How Fast Can A Wi-Fi Network Move?

A Wi-Fi standard indicates the maximum amount of theoretical speed of a Wi-Fi network. Wi-Fi, like most computer networks, caters to various performance levels, and it depends on the standard of technology that it uses. Previously, the standard is the fastest. However, soon enough, the new 802.11ax standard moved ahead of this when it got launched before 2019 came to an end.

The Institute of Electrical and Electronics Engineers take charge of accrediting these standards of Wi-Fi. Every standard is rated and scored with considerations to a particular Wi-Fi standard’s maximum theoretical network bandwidth. But a specific Wi-Fi network’s performance is not equal to these theoretical maximums.

Keep in mind that in actuality, the speed of a particular Wi-Fi wireless network connection banks on various factors.

Before purchasing a Wi-Fi router, you must ensure that it utilizes the latest version of the 802.11 standards, together with other previous inclusions. The earlier models of new and used routers that are on sale might be graded below this standard.

What Is The Difference Between The Theoretical Speed And Actual Network Speed?

The network 802.11b usually works slower than almost 50% of the theoretical peak at about 5.5 Mbps. Moreover, the networks 80211g and 802.11a typically run slower than 20 Mbps.

However, though 802.11n grades at 600 Mbps, its Ethernet connection can surpass the 802.11n when it comes to real-world use. Keep in mind that the performance of Wi-Fi networks gets enhanced with every technology generation.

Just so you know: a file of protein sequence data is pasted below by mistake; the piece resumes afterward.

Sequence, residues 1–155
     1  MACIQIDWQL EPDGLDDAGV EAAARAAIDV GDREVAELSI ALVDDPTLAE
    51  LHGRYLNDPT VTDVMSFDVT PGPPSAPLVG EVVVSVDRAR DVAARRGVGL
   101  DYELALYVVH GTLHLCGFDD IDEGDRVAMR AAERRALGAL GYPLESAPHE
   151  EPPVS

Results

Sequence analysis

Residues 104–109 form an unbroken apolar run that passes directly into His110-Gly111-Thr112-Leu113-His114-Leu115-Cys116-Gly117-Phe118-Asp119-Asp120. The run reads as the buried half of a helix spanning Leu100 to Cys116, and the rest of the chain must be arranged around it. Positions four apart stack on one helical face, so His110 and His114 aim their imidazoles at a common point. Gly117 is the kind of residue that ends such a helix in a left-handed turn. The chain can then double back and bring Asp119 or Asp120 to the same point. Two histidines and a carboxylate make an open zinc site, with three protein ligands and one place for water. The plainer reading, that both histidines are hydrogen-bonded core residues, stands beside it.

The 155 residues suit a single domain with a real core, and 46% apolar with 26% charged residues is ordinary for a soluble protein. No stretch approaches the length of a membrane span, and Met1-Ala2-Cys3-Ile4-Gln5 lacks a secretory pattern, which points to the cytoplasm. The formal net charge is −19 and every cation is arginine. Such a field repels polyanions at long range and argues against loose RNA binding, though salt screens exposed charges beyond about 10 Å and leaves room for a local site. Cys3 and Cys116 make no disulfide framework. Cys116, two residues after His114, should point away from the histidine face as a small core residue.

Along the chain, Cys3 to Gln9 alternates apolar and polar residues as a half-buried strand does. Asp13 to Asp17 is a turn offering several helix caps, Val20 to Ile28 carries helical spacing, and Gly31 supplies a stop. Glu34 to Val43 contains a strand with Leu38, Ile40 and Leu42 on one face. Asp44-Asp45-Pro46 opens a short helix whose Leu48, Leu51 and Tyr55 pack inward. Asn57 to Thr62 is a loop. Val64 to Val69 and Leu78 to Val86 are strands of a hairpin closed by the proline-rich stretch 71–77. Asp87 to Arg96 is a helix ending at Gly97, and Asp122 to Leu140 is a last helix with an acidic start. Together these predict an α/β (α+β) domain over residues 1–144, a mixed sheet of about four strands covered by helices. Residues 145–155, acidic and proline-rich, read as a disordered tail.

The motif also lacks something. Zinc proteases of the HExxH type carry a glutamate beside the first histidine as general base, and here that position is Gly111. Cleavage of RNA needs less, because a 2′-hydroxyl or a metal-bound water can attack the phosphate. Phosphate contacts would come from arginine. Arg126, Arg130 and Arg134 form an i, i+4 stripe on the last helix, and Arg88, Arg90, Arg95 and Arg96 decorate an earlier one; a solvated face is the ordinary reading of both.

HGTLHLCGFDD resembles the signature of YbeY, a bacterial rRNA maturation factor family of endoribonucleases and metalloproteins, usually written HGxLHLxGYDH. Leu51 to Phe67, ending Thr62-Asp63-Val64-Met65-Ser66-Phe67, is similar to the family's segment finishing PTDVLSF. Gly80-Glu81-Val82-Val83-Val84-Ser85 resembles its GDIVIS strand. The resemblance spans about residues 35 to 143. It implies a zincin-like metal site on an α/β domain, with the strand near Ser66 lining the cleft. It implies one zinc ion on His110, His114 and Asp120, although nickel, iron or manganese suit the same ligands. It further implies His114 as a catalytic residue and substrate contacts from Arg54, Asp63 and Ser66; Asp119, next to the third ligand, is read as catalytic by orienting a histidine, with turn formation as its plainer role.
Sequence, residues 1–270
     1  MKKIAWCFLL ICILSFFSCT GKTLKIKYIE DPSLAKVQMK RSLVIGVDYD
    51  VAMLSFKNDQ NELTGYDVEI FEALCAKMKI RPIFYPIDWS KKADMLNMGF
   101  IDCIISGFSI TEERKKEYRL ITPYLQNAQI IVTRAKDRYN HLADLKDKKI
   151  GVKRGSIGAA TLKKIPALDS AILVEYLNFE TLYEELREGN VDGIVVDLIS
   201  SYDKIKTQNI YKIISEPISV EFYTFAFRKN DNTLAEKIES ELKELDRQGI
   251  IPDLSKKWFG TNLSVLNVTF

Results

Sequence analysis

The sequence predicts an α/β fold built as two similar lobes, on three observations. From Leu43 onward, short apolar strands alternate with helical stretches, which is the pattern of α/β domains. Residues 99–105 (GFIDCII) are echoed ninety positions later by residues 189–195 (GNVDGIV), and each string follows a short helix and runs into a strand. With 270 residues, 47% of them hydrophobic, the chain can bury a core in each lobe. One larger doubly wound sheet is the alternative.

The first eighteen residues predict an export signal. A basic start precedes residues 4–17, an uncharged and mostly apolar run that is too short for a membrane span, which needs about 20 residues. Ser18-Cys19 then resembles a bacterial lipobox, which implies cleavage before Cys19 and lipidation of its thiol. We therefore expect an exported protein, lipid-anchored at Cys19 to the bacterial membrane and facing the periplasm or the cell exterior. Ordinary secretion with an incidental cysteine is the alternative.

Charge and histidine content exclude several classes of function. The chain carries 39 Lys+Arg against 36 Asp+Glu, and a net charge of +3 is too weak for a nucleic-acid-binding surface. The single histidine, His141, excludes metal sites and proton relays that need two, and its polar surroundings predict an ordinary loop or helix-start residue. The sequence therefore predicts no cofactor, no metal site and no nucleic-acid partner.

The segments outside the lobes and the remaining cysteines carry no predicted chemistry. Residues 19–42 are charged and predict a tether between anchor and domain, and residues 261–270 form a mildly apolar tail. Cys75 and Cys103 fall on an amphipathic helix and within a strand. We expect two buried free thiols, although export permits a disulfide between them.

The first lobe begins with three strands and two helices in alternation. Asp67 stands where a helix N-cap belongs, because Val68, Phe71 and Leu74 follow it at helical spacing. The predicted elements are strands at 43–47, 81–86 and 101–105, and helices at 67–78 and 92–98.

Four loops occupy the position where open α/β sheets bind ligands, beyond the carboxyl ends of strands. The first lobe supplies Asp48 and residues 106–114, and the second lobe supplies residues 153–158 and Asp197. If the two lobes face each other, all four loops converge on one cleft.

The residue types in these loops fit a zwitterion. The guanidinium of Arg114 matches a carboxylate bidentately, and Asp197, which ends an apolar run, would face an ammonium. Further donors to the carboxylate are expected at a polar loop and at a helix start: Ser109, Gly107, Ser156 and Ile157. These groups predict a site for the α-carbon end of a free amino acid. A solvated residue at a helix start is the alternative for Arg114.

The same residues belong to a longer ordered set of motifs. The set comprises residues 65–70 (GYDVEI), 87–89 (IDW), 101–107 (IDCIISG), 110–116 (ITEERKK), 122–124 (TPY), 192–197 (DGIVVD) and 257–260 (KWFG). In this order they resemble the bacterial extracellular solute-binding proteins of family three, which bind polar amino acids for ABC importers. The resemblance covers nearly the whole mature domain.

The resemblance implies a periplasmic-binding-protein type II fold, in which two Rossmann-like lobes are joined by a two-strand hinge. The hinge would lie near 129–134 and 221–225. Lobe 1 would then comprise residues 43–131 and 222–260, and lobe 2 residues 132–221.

The disparity between theoretical and actual speeds can be experienced and applies to most Wi-Fi networks. Here’s how they differ from each other.

The 802.11b standard has 11 Mbps for its theoretical speed and an actual speed of 5.5 Mbps. The 802.11a has a theoretical speed of 54 Mbps and an actual speed of 20 Mbps. Moreover, the standard 802.11g has a theoretical speed of 54 Mbps and an actual speed of 100 Mbps. Lastly, the standards 892.11n and 802.11ac have theoretical speeds of 600 and 1,300 Mbps and actual speeds of 100 and 200 Mbps, respectively.

Often called the Gigabit Wi-Fi, the standard 802.11ac can be described as the following. The standard 802.11ac can simultaneously cater to a maximum of four devices by utilizing the MU-MIMO or Multi-Use, Multi-Input, Multi-Output technology. It also operates using the 5 GHz band and offers a maximum speed of 1.3 Gbps.

The Future Of Wi-Fi Standards

Launched by the IEEE before 2029 came to an end, 802.11ax is the latest standard for wireless communications. This standard offers faster speed when compared to the 802.11ac.

The 802.11ax can still operate even when substantial interference comes across the signal. Also, Mu-MIMO technology is integrated into the standard, 802.11ax. This means that these standards can deliver information to multiple devices at one time.

Most of the previous routers can only send information to a device on a one-by-one basis. It does it quickly, and this data switch is unnoticeable.